“Dry Needling” is the use of small filament needles inserted into muscles to decrease pain and spasm. Because this technique is only performed by specialists who have been extensively trained and certified, not all physical therapists perform dry needling. Dry needling is different than the more common “trigger-point injections” in that no syringe is used, and no fluid is injected into the muscle. The needle itself is what creates the muscle relaxation. In fact, it is likely that the success of trigger-point injections is a result of the needle itself rather than the substance injected. The needles used in dry needling are much smaller than needles that give injections.
When a needle is inserted into a muscle spasm, the needle creates an involuntary twitch response in the muscle. The muscle subsequently relaxes, and pain associated with the muscle spasm is significantly reduced. When this treatment is properly combined with corrective exercises and other manual therapies, recovery time from an injury can be significantly reduced. Dry needling is not a substitute for stretching or strengthening, and the underlying cause of pain must still be addressed in order for a problem to be permanently resolved.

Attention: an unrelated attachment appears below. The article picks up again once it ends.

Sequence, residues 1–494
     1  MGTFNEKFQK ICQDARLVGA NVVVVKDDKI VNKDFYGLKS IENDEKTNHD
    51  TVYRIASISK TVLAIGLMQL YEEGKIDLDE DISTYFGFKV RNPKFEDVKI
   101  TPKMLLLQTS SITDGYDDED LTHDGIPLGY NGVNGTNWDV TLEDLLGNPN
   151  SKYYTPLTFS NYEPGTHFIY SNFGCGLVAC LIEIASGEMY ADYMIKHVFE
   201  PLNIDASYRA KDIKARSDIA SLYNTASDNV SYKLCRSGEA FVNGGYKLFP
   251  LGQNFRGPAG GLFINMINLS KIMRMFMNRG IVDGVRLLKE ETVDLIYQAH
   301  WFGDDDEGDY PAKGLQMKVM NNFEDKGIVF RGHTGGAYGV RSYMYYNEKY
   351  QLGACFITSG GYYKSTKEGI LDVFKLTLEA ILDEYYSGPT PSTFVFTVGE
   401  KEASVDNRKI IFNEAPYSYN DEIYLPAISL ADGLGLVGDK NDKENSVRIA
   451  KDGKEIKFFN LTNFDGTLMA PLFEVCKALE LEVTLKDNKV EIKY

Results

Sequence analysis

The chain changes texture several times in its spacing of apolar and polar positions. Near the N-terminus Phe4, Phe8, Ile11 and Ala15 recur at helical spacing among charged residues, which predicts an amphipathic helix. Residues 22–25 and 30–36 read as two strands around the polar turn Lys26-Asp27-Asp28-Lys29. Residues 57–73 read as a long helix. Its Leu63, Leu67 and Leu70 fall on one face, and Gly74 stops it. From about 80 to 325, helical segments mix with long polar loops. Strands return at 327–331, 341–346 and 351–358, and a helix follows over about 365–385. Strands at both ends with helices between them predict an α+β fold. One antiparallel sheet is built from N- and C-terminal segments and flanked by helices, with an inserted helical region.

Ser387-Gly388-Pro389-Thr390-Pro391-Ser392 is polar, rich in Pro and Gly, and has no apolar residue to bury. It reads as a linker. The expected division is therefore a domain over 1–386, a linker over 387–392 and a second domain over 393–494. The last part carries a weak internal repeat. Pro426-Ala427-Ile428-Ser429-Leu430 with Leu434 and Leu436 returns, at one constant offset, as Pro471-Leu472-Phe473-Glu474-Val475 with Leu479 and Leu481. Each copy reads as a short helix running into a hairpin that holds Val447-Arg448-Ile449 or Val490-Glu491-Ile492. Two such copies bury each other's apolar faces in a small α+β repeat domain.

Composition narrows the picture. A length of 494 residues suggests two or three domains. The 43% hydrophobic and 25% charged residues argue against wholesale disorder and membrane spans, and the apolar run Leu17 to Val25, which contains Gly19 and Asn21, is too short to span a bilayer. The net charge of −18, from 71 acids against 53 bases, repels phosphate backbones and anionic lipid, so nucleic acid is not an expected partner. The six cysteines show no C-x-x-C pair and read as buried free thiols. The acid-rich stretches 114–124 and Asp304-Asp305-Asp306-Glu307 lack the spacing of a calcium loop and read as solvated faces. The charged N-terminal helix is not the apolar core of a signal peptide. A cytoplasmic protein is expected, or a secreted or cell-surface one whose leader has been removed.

Risk associated with dry needling is very low. The most common side effect is muscle soreness usually lasting 1 to 3 days. Bruising may also occur at the site of the procedure.
What can dry needling treat?
Tension headaches and migraines